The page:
The Return of the Native By Thomas Hardy Book 1: Chapter 3

"Couldst sign the book, no doubt," said Fairway, "if wast young enough to join hands with a woman again, like Wildeve and Mis'ess Tamsin, which is more than Humph there could do, for he follows his father in learning. Ah, Humph, well I can mind when I was married how I zid thy father's mark staring me in the face as I went to put down my name. He and your mother were the couple married just afore we were and there stood they father's cross with arms stretched out like a great banging scarecrow. What a terrible black cross that was — thy father's very likeness in en! To save my soul I couldn't help laughing when I zid en, though all the time I was as hot as dog-days, what with the marrying, and what with the woman a-hanging to me, and what with Jack Changley and a lot more chaps grinning at me through church window. But the next moment a strawmote would have knocked me down, for I called to mind that if thy father and mother had had high words once, they'd been at it twenty times since they'd been man and wife, and I zid myself as the next poor stunpoll to get into the same mess....Ah — well, what a day 'twas!"

"Couldst sign the book, no doubt," said Fairway, "if wast young enough to join hands with a woman again, like Wildeve and Mis'ess Tamsin, which is more than Humph there could do, for he follows his father in learning. Ah, Humph, well I can mind when I was married how I zid thy father's mark staring me in the face as I went to put down my name. He and your mother were the couple married just afore we were and there stood they father's cross with arms stretched out like a great banging scarecrow. What a terrible black cross that was — thy father's very likeness in en! To save my soul I couldn't help laughing when I zid en, though all the time I was as hot as dog-days, what with the marrying, and what with the woman a-hanging to me, and what with Jack Changley and a lot more chaps grinning at me through church window. But the next moment a strawmote would have knocked me down, for I called to mind that if thy father and mother had had high words once, they'd been at it twenty times since they'd been man and wife, and I zid myself as the next poor stunpoll to get into the same mess....Ah — well, what a day 'twas!"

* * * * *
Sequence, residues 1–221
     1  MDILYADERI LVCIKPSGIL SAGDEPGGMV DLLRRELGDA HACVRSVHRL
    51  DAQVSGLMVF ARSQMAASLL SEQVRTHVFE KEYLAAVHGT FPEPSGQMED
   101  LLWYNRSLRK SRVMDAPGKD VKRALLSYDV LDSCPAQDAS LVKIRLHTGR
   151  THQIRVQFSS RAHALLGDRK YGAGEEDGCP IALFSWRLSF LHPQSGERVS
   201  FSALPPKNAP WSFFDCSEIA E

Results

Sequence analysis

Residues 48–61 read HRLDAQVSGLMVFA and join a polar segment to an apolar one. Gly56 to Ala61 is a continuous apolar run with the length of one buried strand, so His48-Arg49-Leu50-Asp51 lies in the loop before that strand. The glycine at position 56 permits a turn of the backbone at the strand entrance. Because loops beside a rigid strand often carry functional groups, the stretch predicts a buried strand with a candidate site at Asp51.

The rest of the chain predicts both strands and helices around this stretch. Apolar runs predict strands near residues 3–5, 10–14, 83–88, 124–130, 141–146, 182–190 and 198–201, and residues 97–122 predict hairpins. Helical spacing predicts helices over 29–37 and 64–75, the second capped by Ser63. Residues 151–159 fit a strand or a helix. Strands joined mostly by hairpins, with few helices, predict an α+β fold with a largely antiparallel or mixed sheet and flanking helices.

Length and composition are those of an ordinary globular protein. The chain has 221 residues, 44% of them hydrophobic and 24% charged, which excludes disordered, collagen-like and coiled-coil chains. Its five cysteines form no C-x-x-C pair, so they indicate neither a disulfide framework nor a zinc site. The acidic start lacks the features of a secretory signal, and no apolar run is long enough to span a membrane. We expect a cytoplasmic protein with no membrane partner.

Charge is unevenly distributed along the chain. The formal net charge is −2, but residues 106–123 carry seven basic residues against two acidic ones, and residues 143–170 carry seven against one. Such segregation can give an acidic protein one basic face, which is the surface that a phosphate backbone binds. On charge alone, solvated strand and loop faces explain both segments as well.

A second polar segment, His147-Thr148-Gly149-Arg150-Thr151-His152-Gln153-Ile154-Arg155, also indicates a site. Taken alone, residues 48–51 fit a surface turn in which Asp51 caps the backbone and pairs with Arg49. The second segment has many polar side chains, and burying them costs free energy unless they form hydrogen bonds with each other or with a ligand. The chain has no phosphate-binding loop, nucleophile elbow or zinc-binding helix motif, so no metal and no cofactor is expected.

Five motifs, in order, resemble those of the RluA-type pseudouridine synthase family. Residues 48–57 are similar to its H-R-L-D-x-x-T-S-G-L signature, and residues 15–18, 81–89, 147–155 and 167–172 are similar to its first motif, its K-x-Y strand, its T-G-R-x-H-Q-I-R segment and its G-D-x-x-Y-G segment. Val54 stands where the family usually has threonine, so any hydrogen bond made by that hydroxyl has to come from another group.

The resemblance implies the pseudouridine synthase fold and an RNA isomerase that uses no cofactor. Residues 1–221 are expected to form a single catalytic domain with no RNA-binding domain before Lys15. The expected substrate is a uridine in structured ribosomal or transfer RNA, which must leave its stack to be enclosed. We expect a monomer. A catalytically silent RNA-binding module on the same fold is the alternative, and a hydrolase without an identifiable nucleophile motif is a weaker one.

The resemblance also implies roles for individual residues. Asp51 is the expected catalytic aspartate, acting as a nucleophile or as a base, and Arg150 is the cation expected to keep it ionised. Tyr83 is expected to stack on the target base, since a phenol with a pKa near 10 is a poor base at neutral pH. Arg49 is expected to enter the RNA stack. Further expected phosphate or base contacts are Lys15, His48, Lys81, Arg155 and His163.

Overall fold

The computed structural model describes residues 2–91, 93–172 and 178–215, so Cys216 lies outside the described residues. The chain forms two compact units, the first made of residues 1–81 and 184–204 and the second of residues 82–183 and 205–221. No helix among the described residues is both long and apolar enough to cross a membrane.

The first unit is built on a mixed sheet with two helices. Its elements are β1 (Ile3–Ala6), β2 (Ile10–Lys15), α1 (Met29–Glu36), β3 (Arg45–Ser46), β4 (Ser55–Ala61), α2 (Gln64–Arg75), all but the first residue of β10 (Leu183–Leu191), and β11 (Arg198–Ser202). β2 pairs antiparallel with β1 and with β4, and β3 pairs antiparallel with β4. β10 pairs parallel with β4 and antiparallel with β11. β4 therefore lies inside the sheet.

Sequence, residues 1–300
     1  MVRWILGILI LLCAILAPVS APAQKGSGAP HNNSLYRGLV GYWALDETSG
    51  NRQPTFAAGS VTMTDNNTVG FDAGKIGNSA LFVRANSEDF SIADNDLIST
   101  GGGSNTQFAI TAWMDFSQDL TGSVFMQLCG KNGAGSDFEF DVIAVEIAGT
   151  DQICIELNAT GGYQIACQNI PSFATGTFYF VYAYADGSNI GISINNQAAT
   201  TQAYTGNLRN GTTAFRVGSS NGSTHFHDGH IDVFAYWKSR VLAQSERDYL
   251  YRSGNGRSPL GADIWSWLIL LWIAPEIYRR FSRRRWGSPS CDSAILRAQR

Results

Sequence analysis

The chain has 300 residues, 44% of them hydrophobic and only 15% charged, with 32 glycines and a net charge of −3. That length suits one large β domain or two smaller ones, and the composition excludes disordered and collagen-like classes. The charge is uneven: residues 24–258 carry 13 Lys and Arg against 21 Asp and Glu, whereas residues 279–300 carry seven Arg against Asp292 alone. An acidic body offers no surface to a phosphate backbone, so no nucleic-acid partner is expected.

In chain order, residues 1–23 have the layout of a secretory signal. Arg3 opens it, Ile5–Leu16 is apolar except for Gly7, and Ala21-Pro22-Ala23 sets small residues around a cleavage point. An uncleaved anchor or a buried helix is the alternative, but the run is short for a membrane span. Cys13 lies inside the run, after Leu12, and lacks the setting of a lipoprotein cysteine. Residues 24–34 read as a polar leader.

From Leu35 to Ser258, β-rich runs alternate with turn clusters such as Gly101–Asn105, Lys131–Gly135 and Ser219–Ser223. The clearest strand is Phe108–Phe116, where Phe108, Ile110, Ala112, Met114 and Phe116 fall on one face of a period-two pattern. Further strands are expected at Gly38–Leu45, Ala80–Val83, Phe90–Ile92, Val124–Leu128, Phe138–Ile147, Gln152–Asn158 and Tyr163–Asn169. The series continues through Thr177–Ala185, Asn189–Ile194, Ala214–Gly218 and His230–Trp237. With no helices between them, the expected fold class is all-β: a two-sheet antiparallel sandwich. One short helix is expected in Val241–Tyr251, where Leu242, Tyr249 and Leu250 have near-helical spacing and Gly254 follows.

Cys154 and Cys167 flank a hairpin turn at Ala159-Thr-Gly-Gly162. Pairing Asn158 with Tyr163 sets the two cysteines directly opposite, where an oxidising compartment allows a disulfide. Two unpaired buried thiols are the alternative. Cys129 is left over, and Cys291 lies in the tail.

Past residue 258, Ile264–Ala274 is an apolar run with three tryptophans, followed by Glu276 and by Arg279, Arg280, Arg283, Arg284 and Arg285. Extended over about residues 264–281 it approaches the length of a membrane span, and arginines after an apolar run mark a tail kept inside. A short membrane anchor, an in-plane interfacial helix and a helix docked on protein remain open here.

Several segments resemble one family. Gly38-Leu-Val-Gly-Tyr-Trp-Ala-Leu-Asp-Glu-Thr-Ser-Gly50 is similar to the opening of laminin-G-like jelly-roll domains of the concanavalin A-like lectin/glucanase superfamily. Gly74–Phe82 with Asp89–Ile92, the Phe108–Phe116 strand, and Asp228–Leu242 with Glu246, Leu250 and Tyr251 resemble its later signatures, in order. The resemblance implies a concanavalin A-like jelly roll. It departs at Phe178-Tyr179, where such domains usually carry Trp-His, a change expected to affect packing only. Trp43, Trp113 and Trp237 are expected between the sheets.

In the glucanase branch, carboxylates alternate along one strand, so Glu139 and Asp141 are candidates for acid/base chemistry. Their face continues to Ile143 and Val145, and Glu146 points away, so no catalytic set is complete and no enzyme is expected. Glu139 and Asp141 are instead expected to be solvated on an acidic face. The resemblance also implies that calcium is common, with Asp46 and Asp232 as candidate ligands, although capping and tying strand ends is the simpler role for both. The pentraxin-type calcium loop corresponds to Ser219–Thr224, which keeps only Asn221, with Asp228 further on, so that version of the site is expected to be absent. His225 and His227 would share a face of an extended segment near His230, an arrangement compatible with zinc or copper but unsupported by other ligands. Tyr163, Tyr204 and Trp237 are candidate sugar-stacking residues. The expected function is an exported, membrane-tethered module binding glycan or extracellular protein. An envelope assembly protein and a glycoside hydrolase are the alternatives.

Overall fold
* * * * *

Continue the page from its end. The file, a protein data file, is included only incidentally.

"Wildeve is older than Tamsin Yeobright by a good-few summers. A pretty maid too she is. A young woman with a home must be a fool to tear her smock for a man like that."

The speaker, a peat- or turf-cutter, who had newly joined the group, carried across his shoulder the singular heart-shaped spade of large dimensions used in that species of labour, and its well-whetted edge gleamed like a silver bow in the beams of the fire.

"A hundred maidens would have had him if he'd asked 'em," said the wide woman.